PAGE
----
Metzner stated that the city has been working on downtown for two decades and that they were making progress until the housing bubble burst. Hagerstown is having the same issues as many other towns due to the bad economy. He again acknowledged the momentum that was building during the initial stadium proposal, and the excitement of the business community that was apparent. [Not with investment money. Just saying.] He also acknowledged that the community and the voters did not want it. It was a huge disappointment. [The past administration should have asked the community before they made the initial plans.] He points out that the city is now at a crossroads. Will we move forward and keep the momentum building or do nothing. He wants us to move forward with the dream team. "RFPs yes, but I firmly support this effort." I'm sorry, but that seems a contradictory statement. 

Council Member Nigh:

   "I want to see a plan and investors. I want it to move forward, but you need a private entity to invest."

Mayor Gysperts:

   "I talk to people in the community and when I mention Sora it puts stars [money signs] in their eyes. The community seems to rather work with a private partnership than the city. [They are hoping for money.] Are we worth $30M in investment? I think we are. We are having an executive session next week with the legal team and we will have an RFP draft. The budget has to be finalized by May 21st, so something will be decided by then." 

Dane Bauer:

   We did keep in touch with the mayor. [That's not a weekly report.] Eighty percent of the work we have  done in the past has not been by RFP. We have done our part. Together we have spent $250,000. The city should match it. [Really? No formal agreement yet.] Sole source is acceptable with our special services, our contacts, and our networks. In the past, "we just did it!" We are offering 80-years of combined business and contacts. No RFP can provide that. I am just asking for the opportunity for Bruce...not the money. [Another one claiming he isn't in it to make a profit, which everyone knows is nonsense.]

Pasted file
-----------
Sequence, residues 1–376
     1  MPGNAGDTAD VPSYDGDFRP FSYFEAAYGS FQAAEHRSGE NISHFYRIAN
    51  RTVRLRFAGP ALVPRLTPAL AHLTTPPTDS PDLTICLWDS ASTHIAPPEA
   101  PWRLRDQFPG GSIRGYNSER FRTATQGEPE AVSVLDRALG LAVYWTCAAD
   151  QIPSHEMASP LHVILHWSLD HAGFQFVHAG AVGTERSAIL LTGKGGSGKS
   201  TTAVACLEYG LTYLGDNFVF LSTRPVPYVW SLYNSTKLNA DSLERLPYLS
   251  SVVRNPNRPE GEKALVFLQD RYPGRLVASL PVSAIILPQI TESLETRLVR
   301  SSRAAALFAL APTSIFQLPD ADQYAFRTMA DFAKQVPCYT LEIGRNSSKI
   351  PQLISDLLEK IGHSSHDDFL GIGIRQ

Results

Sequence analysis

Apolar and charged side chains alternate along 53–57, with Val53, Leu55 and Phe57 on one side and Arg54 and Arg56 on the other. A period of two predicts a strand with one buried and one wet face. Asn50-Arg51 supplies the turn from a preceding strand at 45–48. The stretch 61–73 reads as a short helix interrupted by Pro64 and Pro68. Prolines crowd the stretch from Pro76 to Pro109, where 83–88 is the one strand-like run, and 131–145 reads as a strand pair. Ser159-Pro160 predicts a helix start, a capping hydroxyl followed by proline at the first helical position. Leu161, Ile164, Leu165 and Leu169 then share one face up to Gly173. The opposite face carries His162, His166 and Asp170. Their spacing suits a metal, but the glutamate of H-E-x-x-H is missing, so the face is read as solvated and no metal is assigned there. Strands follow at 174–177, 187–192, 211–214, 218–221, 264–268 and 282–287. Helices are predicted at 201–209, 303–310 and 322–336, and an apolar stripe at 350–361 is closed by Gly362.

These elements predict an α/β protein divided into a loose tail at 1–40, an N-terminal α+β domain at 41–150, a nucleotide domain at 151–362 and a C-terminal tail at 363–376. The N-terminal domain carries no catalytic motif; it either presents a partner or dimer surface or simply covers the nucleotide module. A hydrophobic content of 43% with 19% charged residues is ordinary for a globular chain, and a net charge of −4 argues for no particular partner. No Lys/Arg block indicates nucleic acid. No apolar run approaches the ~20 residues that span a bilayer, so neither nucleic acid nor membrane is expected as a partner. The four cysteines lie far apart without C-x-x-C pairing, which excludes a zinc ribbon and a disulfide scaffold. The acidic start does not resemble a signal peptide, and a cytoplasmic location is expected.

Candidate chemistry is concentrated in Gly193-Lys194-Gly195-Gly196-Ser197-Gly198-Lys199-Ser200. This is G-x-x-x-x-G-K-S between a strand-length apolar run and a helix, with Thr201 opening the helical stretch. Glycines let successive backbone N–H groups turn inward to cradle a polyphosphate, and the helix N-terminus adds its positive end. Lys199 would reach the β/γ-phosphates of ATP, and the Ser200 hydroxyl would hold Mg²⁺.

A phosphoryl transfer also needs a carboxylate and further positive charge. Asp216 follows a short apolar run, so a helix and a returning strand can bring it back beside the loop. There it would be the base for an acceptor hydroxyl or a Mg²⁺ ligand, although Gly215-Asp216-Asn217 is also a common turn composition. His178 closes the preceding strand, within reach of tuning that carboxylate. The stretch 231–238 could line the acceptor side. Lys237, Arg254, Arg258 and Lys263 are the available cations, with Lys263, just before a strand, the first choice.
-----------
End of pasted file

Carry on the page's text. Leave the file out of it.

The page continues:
I said in the beginning that I left the meeting with a good feeling about the future of Hagerstown. This was messy. It is supposed to be. I still feel,  5 months after the election, that we have a great balance with this mayor and council. I think that we need every one of them even though I don't agree with some of them most of the time. We need the spenders and we need the thrifty. We need the Pollyannas and we need the second-guessers. We need those who just see the big picture and those that are down in the details.  I believe that this mayor and council care about this city and will be successful at revitalizing downtown. It may be a messy, sometimes uncomfortable but necessary process, and the result will be what they were able to negotiate and deliberate until they got it right. It's not the one-party spending spree that happens in Annapolis, and it's not the grid-lock that we see in Washington D.C. It is just the way it is supposed to be, and I like it. 
   



Wednesday, April 17, 2013

NEIL PARROTT ANNOUNCES NO PETITION DRIVE FOR SB281

   I think that everyone who attended the MDPetitions.com Kickoff event thought that they were going to get their marching orders to start a petition drive for the new Maryland gun control law SB281. Instead, the surprise announcement was that there would not be a petition drive.